Feeds

Redaction FAIL: Dull nuke sub document revealed in full

Full text sat in Google cache for months, nobody noticed

Build a business case: developing custom apps

The news media got in a ferment this weekend as it turned out that officials at the UK Ministry of Defence had failed to effectively redact passages in a report on nuclear submarine safety published to the internet. But the revealed text - which had originally been classified only at a low level - is not terribly exciting.

The document in question is titled SUCCESSOR SSBN - SAFETY REGULATORS' ADVICE ON THE SELECTION OF THE PROPULSION PLANT IN SUPPORT OF THE FUTURE DETERRENT REVIEW NOTE. It was drafted in 2009 by Commodore Andrew McFarlane, the Defence Nuclear Safety Regulator, and offers advice regarding the measures required to make the future national-deterrent submarines as safe "as reasonably possible" - the standard for nuclear safety.

The document was originally classified "Restricted", just one step up from "Unclas" - unclassified. After Restricted comes Confidential: only then comes "Secret", and in fact even Secret information is often rather mundane - anything really hot will usually be marked "Top Secret" (the other end of the scale from Restricted) and will generally be subject to additional rules and caveats as well.

The document was declassified altogether following requests under the Freedom of Information Act by antinuclear campaigners recently, though parts of it were redacted. However, in February it was also published on the parliamentary website, with the redacted passages left unprotected. Many media outlets have (finally, after many weeks) noted that it was possible to download the pdf file and then copy and paste the text to other applications in order to read it.

Rather more easily, one could also simply look at the searchable html version of the text generated by Google automatically as soon as the document went up in February. The pdf has now been replaced with an image version and Google is no longer linking to its html copy, but you can still read it all courtesy of Cryptome.

It's unexciting stuff. Talk of a "Fukushima style meltdown" (presumably meaning a "meltdown" in which nobody is hurt and no public health damage occurs) caused potentially by a "lone rogue sailor" is meaningless - of course a single rogue sailor can cause a serious sub accident. Sailors handle the helm and trim, sailors navigate the boat, sailors have access to things such as torpedo warheads, fuel tanks, oxygen candles, small arms.

Nuclear submarines routinely suffer accidents, collisions, groundings, fires and explosions. At least ten have been completely lost at sea with reactors and/or warheads aboard over the past 50 years. And yet the world has not come to an end.

The document also contains a passage describing US methods of reactor design in very general terms, lauding them as much safer than British practice and recommending a move toward such methods when designing the new Trident subs.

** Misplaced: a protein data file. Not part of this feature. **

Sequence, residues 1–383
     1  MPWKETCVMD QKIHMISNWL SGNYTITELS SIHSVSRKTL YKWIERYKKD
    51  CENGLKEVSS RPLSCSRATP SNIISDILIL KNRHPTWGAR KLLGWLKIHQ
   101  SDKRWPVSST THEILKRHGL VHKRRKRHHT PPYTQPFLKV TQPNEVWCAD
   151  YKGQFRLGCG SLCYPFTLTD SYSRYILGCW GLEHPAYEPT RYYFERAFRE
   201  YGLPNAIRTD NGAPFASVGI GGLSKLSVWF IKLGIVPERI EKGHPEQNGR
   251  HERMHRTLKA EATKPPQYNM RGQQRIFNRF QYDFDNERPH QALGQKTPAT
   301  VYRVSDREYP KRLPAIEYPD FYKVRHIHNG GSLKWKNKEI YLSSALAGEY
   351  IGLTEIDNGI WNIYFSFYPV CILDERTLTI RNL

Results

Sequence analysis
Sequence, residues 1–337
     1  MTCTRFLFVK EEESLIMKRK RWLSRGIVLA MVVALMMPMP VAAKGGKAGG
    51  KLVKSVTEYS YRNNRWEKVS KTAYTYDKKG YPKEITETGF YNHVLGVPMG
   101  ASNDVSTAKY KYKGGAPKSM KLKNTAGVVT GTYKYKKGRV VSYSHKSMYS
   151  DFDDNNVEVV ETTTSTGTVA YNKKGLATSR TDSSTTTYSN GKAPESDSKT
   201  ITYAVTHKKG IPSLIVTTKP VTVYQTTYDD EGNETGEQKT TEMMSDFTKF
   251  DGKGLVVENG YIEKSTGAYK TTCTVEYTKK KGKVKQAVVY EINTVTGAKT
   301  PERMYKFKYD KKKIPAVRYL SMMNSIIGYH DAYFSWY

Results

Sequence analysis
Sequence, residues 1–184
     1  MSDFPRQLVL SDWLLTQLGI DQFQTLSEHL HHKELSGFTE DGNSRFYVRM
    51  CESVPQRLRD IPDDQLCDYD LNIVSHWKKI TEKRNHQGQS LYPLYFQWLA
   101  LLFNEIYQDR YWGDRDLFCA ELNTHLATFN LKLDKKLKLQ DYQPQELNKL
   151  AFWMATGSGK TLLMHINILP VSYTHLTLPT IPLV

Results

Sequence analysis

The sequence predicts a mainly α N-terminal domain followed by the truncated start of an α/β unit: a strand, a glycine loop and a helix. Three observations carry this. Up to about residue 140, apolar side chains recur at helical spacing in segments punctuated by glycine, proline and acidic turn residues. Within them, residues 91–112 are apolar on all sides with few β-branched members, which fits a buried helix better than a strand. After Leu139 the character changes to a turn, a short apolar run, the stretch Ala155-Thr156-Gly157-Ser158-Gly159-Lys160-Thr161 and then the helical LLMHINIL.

But apparently a made-up (or idiotic) senior MoD source says that "the Americans will be furious their procedures have been exposed".

Utter, barrel-scraping pigswill. Yet again, there's nothing to see here. Reportedly various other ineffectually-redacted documents have been put up here and there across the government's many websites, as one would expect. ®

HP ProLiant Gen8: Integrated lifecycle automation

More from The Register

next story
Secure microkernel that uses maths to be 'bug free' goes open source
Hacker-repelling, drone-protecting code will soon be yours to tweak as you see fit
KDE releases ice-cream coloured Plasma 5 just in time for summer
Melty but refreshing - popular rival to Mint's Cinnamon's still a work in progress
NO MORE ALL CAPS and other pleasures of Visual Studio 14
Unpicking a packed preview that breaks down ASP.NET
Cheer up, Nokia fans. It can start making mobes again in 18 months
The real winner of the Nokia sale is *drumroll* ... Nokia
Put down that Oracle database patch: It could cost $23,000 per CPU
On-by-default INMEMORY tech a boon for developers ... as long as they can afford it
Another day, another Firefox: Version 31 is upon us ALREADY
Web devs, Mozilla really wants you to like this one
Google shows off new Chrome OS look
Athena springs full-grown from Chromium project's head
prev story

Whitepapers

Implementing global e-invoicing with guaranteed legal certainty
Explaining the role local tax compliance plays in successful supply chain management and e-business and how leading global brands are addressing this.
Consolidation: The Foundation for IT Business Transformation
In this whitepaper learn how effective consolidation of IT and business resources can enable multiple, meaningful business benefits.
Application security programs and practises
Follow a few strategies and your organization can gain the full benefits of open source and the cloud without compromising the security of your applications.
How modern custom applications can spur business growth
Learn how to create, deploy and manage custom applications without consuming or expanding the need for scarce, expensive IT resources.
Securing Web Applications Made Simple and Scalable
Learn how automated security testing can provide a simple and scalable way to protect your web applications.